The holidays often bring a change in the weather; Christmas trees and decorations; gift-giving; and warm gatherings in a warm place. But for those in the military, particularly those deployed far away from home, this time of year can also bring pangs of longing for family and friends back home.

The push-pull of the holidays — that absence from home combined with a desire to take ‘home’ with you — has led those who are far afield to bring their traditions with them wherever they go. For generations, that’s meant decorations, lights, and festive cheer have graced overseas bases and austere outposts — often aided by a bit of rank-and-file ingenuity — like the time U.S. troops built a Christmas tree out of sandbags.

But there’s one Christmas tradition that seems particularly at odds with the environment it finds itself in, yet it persists nonetheless: Santa Claus at war.

Santa Claus’ foray into war and conflict zones date back to at least the 1800s, with Harper’s Weekly publishing an illustration of Kris Kringle giving gifts to beleaguered Union troops in 1862 — a year into the Civil War. 

Santa Claus in Camp (from Harper’s Weekly), January 3, 1863, Wood engraving, by Thomas Nast. Nast’s image was published in the 1862 Christmas issue of Harper’s Weekly, during days filled with both trials for the Union and rising hope. Santa Claus has arrived by sleigh in a Union army camp to distribute gifts. (Photo by: Sepia Times/Universal Images Group via Getty Images)

Father Christmas has made the rounds in the years since, with American troops posing as Santa during both World Wars, the Korean and Vietnam Wars, and other conflicts. In a dangerous place that is far from family and friends, the “ho, ho, hos” of a soldier going through similar hardship can be a welcome distraction.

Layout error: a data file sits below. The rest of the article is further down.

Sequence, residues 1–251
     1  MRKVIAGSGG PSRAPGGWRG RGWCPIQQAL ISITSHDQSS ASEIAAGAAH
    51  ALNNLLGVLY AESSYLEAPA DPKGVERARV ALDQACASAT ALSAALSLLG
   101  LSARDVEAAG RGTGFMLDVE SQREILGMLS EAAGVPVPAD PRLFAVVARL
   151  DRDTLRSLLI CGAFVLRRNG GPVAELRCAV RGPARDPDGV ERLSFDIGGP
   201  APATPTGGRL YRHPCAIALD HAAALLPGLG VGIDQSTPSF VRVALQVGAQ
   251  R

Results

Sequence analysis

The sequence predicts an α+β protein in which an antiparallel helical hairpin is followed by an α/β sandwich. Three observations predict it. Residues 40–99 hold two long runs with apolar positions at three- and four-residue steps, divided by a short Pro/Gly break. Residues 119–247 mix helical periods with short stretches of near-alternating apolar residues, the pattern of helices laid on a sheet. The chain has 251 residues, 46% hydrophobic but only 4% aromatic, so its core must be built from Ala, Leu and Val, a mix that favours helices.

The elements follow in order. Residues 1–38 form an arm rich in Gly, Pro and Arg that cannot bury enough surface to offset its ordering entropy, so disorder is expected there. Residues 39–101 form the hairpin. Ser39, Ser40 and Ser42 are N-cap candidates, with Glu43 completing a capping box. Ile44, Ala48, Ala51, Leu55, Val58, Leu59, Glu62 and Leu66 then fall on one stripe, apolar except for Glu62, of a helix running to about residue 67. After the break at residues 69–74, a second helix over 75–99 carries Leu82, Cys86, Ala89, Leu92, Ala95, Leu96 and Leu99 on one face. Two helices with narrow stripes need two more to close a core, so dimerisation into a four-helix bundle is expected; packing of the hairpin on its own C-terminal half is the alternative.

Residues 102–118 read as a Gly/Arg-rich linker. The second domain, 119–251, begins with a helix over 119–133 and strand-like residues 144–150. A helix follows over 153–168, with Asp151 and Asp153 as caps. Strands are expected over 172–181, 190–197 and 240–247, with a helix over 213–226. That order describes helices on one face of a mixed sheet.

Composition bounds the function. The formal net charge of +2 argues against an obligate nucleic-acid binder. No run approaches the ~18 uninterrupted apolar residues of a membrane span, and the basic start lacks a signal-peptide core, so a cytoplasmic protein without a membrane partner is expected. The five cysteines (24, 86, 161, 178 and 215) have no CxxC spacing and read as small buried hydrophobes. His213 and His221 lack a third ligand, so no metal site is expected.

Army Sgt. Hiram Proutly hands out packages to US Army Pvt. Albert Weber and Cpl. William Goldstein in England during World War II.

In recent years, the red-suited likeness of Jolly Old St. Nick has appeared downrange in Iraq and Afghanistan, from Baghdad to Mosul and on to Sangin and Marjah. In November 2011, a kitted-out yet-beardless Santa visited Marines with 1st Battalion, 6th Marine Regiment in Sangin, Afghanistan to bring them a laugh — and hand out Gerber multi-tools, knives. Or at least, one of his helpers, Sgt. Maj. Larry J. Harrington, did, donning a Santa suit to visit Marines in remote outposts along a strip of dirt highway linking the Nahri Saraj and Kajaki Districts. 

Sgt. Maj. Larry J. Harrington donning a Santa suit to visit Marines in remote outposts in Afghanistan. (Photo by James Clark)

And on Christmas Day 2008, Santa appeared in red top and Army camouflage at a combat outpost in Khost Province, which no doubt lightened the mood for 101st Airborne Division grunts tense “after a mortar attack,” according to the caption by Getty photographer Jonathan Saruk.

A US soldier from the 101st Airborne dressed as Santa Claus poses for a picture after a mortar attack at a combat outpost at the Sabari District Center on Christmas Day December 25, 2008, in Sabari District, Khost Province, Afghanistan. Khost province borders the Waziristan region in Pakistan, where it is believed foreign fighters cross into Afghanistan to combat coalition forces. (Photo by Jonathan Saruk/Getty Images)

The character has also cropped up over the years at tumultuous times and amid civil unrest; in December 2014, a Palestinian protestor dressed as Santa Claus hurled a tear gas canister back at Israeli security personnel on the West Bank. In 2003, he was in Seoul, South Korea protesting the Iraq War, and in 2019 he was in Baghdad posing with a rose alongside Iraqi security forces at another protest.

Santa has also made numerous appearances alongside U.S. allies downrange, giving out gifts to British soldiers at Camp Bastion, or with South Korean troops in 2002 shortly after the War in Afghanistan had begun. Though Santa Claus may be best known as a children’s story or the lead character in the vast majority of Hallmark movies, it’s no real wonder that his reach extends beyond — to scenes and moments where you’d least expect him. It’s not particularly surprising, wherever people go, they take their traditions with them.

Here are more photos of Santa Claus through the years and wars.

 Read more on Task & Purpose

Want to write for Task & Purpose? Click here. Or check out the latest stories on our homepage.

Load more...